"I felt before the season started it was a target. Whether it was realistic or not, I don't know. But I felt with the players we have and the guys I had added that if we started well and get points on the board, we could give it a real go.

"We needed to turn our performances away from home into results. We played very well in a number of games, at Arsenal, Chelsea and Fulham, where we had good performances but nothing went for us. Once we got points we got belief and our form has been excellent. We couldn't be in better shape going into the second leg against United.

"We have to go there, stick our chests out and have a go, which is what we are all about.

Stats


Rovers in Toon - Premiership years

2005/06
Lost 0-1 No scorer  
2004/05
Won 3-0 og(Flitcroft), Shearer, O'Brien
2003/04
Lost 0-1 No scorer
2002/03
Won 5-1 Solano, Robert, og(Grenko), Jenas, Bellamy
2001/02
Won 2-1 Bernard, Speed 
1998/99
Drew 0-0 No scorer (FA Cup)
1998/99
Drew 1-1 Shearer (lost 4-2 on pens: LC)
1998/99
Drew 1-1 Hamann
1997/98
Drew 1-1 Gillespie
1996/97
Won 2-1 Shearer, Ferdinand
1995/96
Won 1-0 Lee
1994/95
Drew 1-1 Lee (FAC)
1994/95
Drew 1-1 og(Flowers) 
1993/94
Drew 1-1 Cole

First defeat on home soil in eight Premiership matches, with the side having won four and drawn three since Manchester United left here with the points after a 2-0 win in August.

Waffle

Normally we leave compiling this section for a couple of days after the game, to allow our thoughts to coagulate (or should that be congeal) and avoid the sort of over- reaction that often comes in the immediate aftermath of the final whistle.

Not this week though. 

Our immediate gloomy thoughts came into sharper focus after a post-match ale or three and an excursion to a local emporium of spicy delight. End result? After a bit of "Saturday Night and Sunday Morning" action, the following was posted:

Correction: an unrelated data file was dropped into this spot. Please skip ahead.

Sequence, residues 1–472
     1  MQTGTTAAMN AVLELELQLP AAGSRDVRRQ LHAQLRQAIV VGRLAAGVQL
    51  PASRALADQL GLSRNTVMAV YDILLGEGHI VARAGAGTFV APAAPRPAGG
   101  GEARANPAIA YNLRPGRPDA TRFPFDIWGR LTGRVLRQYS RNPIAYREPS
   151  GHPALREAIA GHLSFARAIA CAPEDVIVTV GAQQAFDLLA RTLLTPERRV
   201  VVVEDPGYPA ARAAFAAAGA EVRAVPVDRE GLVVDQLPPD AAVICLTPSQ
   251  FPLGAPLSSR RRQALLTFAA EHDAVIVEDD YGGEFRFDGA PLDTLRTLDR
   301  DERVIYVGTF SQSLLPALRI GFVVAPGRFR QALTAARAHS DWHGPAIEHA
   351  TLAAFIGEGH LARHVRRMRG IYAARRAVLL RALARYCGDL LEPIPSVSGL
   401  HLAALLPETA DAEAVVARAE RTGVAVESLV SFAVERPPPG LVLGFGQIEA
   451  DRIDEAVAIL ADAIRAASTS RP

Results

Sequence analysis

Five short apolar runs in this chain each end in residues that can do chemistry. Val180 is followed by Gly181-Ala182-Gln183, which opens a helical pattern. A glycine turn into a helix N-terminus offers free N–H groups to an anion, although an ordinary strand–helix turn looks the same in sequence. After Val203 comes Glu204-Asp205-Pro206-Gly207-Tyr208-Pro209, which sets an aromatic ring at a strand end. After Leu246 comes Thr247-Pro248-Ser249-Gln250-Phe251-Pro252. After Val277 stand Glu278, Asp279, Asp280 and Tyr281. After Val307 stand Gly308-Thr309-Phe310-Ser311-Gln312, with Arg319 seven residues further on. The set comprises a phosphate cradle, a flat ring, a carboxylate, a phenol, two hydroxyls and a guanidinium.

It's a fraction over 16 months since Graeme Souness walked into St.James' Park as Newcastle Manager in waiting, taking a lofty perch to watch his former charges from Ewood Park soundly beaten 3-0 by a John Carver-marshalled Magpies side.

On that day in September 2004 we called the Blackburn side led by perennial caretaker boss Tony Parkes "a dispirited rag-bag of an outfit that slouched out to line up against us."

Now in January 2006 the boot is firmly on the other foot, as the fans who cheered the departure of our Manager from Lancashire predicted his imminent exit from Tyneside from their Level Seven seats.

This time it was the home side who were bereft.

Bereft of confidence, lacking anything approaching good fortune, perpetually hamstrung by injuries and now, perhaps fatally, deserted by their fans.

The pre-match build up had been punctuated by a plea for unity from the Chairman and a desperate call to arms from the Manager. 

Neither cut any ice with the rank and file.  

And this time the good fortune Souness had enjoyed in recent home games deserted him.

A 93rd minute penalty miss from Gareth Barry salvaged a point against Villa, then an extra time leveller from Lee Clark did the same against the smoggies.

And of course with the dark clouds beginning to form against Mansfield, up popped that man Shearer to take a share of Wor Jackie's record and divert attention away from an unsatisfactory display against a side who could be playing in the Conference next season.

Today though there was no late solace for Souness.

And with the usual touch of farce and folly that seemingly dogs this club at every turn, the crucial goal came from the hand of a player Souness signed for Rovers - after having seen his nimble footwork and long-range shooting prowess.